The City of Brownsville is an insecure town with collective low
In 2014 the All-America City award, sought by second and third tier cities, likely cost Brownsville taxpayers about $200,000 including the sending of a a giddy delegation of 40 to Denver to receive the award and a contingent of 15 to make the original case for it. Brownsville, after duking it out with the other Texas finalist, the metropolis of Marshal, eventually became one of ten "winners" allowed to put up "2014 All-America City" signs throughout town. San Francisco, Seattle, Miami and New York eat your hearts out!
In 2012, David McCarthy, CEO of Community Showcase, searched through the crowd at the U.S. Conference of Mayors in Orlando,
|Cabler, McCarthy During "Bannergate"|
McCarthy later showed up at the office of City Manager Charlie Cabler to pick up a support letter from the City of Brownsville, then proceeded to dun local businessmen for the purchase of banner packages to "support Tony."
With the contract letter in hand from the City of Brownsville, clearly indicating the award would be at "no cost to the city," McCarthy and a buxom companion, identified as Itza Pena, began visiting Brownsville businessmen to sell banner packages ranging from $600 to $4,000. It was emphasized that the meager $600 package was only for "churches and non-profits. Upstanding businessmen, who "supported Tony" were expected to cough up four grand.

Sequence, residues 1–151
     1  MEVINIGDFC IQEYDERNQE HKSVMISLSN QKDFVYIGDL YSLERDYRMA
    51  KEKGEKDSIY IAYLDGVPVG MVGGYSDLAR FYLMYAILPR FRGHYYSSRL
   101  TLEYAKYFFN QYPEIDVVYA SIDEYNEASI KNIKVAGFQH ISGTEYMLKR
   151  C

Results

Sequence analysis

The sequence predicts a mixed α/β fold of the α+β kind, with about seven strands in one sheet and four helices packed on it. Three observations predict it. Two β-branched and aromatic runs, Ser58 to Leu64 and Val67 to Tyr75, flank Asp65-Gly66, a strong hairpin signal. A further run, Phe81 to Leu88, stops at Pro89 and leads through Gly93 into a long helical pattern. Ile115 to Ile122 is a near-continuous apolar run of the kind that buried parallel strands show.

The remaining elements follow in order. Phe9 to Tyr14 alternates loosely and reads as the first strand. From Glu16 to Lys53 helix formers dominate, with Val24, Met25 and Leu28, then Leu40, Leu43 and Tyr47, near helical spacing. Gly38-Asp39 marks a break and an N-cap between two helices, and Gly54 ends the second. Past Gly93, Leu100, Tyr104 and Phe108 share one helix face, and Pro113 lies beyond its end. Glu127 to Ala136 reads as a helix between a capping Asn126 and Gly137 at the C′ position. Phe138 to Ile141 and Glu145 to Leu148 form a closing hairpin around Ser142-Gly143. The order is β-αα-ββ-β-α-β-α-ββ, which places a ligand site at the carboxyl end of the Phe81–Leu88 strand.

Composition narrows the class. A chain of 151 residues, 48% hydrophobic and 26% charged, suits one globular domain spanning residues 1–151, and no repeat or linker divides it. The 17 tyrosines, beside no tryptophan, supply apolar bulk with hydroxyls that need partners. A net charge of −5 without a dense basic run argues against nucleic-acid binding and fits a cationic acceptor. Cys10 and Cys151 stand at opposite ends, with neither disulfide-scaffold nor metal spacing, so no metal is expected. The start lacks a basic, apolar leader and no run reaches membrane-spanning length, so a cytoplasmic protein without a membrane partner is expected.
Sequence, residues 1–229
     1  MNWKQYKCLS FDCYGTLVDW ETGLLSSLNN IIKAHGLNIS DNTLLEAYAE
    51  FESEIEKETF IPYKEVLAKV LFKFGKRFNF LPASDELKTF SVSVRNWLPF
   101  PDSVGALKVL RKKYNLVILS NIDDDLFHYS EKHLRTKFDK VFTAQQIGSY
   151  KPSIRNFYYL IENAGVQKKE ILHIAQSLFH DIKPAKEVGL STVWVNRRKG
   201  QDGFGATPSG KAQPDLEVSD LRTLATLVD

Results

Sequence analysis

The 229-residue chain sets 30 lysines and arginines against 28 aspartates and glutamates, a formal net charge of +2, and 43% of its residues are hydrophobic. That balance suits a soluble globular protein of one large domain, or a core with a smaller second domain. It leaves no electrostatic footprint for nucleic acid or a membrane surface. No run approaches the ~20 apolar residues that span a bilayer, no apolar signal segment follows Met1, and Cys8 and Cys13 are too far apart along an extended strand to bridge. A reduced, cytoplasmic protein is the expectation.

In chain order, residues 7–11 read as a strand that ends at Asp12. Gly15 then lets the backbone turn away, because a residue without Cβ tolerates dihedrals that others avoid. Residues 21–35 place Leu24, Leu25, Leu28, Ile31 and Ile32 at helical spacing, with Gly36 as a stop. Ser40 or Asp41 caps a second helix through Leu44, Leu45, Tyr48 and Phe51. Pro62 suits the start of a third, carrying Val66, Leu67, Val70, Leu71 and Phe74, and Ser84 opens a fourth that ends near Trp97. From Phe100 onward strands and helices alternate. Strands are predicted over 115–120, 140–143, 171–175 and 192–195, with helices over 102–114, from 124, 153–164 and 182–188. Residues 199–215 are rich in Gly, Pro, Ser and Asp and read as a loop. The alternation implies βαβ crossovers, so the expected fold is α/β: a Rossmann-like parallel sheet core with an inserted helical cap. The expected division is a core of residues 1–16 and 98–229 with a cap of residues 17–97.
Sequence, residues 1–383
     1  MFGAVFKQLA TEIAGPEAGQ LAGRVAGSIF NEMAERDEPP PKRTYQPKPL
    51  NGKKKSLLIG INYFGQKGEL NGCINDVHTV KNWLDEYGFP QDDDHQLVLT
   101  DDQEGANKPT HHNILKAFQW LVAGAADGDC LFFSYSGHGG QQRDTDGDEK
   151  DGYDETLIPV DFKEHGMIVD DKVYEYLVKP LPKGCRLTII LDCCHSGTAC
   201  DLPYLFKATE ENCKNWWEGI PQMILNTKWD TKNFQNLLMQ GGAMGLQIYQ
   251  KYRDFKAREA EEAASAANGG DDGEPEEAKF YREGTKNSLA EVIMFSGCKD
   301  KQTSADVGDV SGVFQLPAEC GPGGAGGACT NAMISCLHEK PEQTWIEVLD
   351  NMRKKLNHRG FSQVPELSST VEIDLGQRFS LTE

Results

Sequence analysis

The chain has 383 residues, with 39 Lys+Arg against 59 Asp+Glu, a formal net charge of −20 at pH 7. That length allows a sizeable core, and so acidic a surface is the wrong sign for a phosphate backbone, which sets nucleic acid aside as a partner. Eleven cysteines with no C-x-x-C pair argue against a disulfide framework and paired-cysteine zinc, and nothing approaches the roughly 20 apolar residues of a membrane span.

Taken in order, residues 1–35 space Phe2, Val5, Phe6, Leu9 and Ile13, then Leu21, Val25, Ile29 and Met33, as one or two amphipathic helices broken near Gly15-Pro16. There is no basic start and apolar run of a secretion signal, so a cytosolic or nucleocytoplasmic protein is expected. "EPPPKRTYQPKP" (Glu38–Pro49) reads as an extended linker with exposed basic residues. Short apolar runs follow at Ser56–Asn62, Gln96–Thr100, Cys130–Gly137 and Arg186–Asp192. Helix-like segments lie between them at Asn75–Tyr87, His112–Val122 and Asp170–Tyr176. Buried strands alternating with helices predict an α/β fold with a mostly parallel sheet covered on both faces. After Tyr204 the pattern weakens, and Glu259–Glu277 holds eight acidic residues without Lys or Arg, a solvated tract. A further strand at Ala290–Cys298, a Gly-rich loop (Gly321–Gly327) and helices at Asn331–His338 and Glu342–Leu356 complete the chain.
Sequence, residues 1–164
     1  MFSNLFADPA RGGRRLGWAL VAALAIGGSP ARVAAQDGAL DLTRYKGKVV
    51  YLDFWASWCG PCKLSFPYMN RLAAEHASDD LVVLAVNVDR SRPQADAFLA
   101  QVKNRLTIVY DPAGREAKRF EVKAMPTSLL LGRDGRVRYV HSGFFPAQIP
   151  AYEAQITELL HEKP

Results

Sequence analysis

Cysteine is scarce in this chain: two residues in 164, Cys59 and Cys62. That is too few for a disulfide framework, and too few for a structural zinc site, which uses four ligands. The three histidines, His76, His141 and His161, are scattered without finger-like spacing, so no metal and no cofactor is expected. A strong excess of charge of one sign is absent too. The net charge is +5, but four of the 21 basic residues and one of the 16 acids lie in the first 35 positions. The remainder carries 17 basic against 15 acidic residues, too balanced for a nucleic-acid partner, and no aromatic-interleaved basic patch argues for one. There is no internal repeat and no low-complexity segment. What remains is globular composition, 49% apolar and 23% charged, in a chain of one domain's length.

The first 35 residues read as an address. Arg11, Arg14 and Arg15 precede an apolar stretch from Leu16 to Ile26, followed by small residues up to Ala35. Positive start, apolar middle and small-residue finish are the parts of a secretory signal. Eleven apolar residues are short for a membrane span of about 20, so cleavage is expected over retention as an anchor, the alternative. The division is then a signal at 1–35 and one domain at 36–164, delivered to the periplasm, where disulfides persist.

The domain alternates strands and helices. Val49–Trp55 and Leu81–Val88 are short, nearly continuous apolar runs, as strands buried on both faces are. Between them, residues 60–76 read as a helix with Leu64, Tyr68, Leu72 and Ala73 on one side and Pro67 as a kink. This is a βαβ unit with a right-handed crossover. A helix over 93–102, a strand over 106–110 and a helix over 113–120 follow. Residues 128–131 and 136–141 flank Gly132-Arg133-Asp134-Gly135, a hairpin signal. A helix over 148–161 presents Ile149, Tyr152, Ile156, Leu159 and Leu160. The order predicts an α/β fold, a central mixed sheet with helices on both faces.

|Eduardo Campirano, Board Member of|
Rio South Texas Economic Council
Another scam organization to which Brownsville contributes heavily for image control is the Rio South Texas Economic Council, essentially a website designed to counteract the "image of border violence" that is said to negatively effect the Rio Grande Valley's economy. The City Commission gladly hands over $17,500 annually, as does the Brownsville Community Improvement Corporation, the Greater Brownsville Incentives Corporation and the Port of Brownsville. ALL of that is taxpayer money spent for image control.
For one year, passengers disembarking at Harlingen's Valley International Airport might have noticed the postcard at the left announcing Brownsville as the "Bicycle Capital of the Rio Grande Valley." That advertisement cost the Brownsville Community Improvement Corporation $7,000 in taxpayer monies. Hopefully, those who saw the sign will remember to check their bicycles with their luggage on their next flight to the bike capital.